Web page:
The Senate Committee on Homeland Security and Governmental Affairs has a hearing today on “Intelligence Reform: The Lessons and Implications of the Christmas Day Attack.” The three witnesses are: Dennis C. Blair, Director of National Intelligence, Michael E. Leiter, Director of the National Counterterrorism Center and Janet A. Napolitano, the Secretary of Homeland Security. Blair and Leiter had a joint statement for the record. No prepared statement from Secretary Napolitano has been posted online. Excerpts below from the Blair/Leiter statement:
As I have noted, despite our successes in identifying the overall themes that described the plot we failed to make the final connections—the “last tactical mile”—linking Abdulmutallab’s identity to the plot. We had the information that came from his father that he was concerned about his son going to Yemen, coming under the influence of unknown religious extremists, and that he was not going to return home. We also had other streams of information coming from intelligence channels that provided pieces of the story. We had a partial name, an indication of a Nigerian, but there was nothing that brought it all together—nor did we do so in our analysis.
But without making excuses for what we did not do, I think it critical that we at least note the context in which this failure occurred: Each day NCTC receives literally thousands of pieces of intelligence information from around the world, reviews literally thousands of different names, and places more than 350 people a day on the watchlist—virtually all based on far more damning information than that associated with Mr. Abdulutallab prior to Christmas Day. Although we must and will do better, we must also recognize that not all of the pieces rise above the noise level.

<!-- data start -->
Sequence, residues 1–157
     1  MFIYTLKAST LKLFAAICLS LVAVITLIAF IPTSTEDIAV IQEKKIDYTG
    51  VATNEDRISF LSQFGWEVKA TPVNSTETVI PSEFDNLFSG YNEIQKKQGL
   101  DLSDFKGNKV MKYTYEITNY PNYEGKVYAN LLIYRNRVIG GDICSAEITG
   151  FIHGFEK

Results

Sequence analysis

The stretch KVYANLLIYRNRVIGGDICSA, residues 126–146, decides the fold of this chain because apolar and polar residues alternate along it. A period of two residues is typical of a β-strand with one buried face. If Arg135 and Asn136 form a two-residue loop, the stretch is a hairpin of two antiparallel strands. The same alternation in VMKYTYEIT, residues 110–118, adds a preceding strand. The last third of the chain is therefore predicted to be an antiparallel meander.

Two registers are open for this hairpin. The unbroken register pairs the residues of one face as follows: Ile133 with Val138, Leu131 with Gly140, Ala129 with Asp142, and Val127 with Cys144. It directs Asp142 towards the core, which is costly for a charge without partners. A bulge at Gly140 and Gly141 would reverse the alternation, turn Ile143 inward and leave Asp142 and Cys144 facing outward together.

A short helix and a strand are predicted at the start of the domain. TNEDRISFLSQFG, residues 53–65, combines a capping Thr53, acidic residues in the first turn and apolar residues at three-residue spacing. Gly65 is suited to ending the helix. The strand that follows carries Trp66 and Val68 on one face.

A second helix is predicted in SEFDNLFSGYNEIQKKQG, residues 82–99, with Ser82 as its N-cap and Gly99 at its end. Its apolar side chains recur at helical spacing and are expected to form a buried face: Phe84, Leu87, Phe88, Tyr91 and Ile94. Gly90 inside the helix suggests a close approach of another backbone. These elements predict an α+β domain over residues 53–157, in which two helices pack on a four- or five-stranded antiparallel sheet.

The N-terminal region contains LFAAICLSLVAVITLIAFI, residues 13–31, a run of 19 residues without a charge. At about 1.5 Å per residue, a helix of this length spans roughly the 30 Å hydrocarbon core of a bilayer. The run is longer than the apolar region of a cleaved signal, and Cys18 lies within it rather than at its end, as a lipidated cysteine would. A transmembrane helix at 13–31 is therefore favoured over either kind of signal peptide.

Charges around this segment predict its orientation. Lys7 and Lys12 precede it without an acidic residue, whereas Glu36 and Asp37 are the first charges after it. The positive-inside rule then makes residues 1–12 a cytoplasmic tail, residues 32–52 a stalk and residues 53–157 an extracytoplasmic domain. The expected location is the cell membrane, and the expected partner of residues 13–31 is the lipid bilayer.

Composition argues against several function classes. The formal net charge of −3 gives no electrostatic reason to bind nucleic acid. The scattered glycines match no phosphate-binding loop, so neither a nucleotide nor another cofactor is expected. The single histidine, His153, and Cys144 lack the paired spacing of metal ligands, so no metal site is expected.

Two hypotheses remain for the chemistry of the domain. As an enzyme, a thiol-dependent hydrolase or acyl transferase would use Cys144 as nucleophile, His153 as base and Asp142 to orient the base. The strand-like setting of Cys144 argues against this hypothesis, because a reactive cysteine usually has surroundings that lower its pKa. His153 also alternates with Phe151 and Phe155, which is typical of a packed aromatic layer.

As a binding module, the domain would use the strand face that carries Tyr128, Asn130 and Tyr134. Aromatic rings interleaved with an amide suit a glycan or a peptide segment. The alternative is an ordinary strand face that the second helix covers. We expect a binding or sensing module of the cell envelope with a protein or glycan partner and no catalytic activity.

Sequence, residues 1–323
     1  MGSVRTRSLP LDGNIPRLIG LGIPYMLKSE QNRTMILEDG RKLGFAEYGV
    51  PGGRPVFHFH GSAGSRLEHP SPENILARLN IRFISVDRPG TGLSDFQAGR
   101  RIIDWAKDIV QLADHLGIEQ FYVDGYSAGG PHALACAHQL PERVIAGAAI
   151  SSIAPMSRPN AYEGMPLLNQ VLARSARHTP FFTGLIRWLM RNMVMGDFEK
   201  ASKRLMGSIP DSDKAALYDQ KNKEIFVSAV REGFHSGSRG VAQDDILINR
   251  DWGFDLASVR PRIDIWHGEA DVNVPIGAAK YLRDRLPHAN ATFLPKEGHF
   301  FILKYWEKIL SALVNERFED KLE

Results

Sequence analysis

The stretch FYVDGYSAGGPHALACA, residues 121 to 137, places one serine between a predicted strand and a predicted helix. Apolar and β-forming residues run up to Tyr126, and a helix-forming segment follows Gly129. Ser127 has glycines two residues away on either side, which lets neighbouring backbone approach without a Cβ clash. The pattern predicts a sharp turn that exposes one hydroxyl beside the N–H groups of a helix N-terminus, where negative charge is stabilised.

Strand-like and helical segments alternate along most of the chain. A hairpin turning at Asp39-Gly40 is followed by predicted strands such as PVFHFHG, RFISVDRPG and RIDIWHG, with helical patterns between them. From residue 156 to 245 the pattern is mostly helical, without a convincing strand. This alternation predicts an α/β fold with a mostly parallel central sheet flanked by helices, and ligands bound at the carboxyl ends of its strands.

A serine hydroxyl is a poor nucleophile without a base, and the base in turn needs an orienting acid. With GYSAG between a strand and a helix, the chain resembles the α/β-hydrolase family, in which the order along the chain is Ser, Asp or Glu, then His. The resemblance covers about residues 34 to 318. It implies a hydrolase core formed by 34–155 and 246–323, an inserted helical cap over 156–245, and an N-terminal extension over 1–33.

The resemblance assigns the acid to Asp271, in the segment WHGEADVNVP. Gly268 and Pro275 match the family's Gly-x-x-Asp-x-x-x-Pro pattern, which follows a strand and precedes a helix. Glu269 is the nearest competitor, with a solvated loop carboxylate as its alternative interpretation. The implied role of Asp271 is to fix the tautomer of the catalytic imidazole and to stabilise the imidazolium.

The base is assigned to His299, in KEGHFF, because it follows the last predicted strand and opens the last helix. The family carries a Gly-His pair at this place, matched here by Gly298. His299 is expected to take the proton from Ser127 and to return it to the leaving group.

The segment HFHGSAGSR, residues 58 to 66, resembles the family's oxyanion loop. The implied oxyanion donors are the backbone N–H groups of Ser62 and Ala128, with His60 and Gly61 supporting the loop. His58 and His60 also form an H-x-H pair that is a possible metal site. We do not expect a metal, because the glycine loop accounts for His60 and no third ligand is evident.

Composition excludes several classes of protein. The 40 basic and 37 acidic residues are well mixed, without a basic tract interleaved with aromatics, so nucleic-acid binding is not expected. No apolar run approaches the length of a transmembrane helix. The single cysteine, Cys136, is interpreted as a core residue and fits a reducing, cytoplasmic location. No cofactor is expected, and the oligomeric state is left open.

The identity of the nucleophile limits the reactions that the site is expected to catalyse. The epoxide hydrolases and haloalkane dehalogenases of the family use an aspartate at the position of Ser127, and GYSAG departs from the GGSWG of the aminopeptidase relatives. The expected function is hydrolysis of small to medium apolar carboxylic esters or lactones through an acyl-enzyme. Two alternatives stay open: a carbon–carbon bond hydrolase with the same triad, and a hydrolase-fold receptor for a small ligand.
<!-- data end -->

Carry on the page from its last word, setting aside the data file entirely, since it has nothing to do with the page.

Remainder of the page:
We established the National Counterterrorism Center (NCTC), the government’s hub for all strategic level counterterrorism intelligence assessments, which draws on collected terrorist intelligence from agencies across the U.S. Government with access to more than 30 different networks carrying more than 80 unique data repositories to produce integrated analysis on terrorist plots against U.S. interests at home and abroad.
The Intelligence Community is an adaptive, learning organization. We can and must outthink, outwork, and defeat the enemy’s new ideas. Our Intelligence Community is now more collaborative than ever before, knows how to operate as a team, and can adjust to conditions on the ground. We can and will do better, but I cannot guarantee that we can stop all attacks indefinitely. The integrated Intelligence Community as directed in the Intelligence Reform Act is essential; the basic elements of the system are sound; but we must be more flexible and anticipatory.
The hearing is on right now, catch it here. This is not the end of the story. Part II of the hearing is scheduled for January 26th at the Dirksen Senate Office Building (room 342). No word yet on the expected witnesses.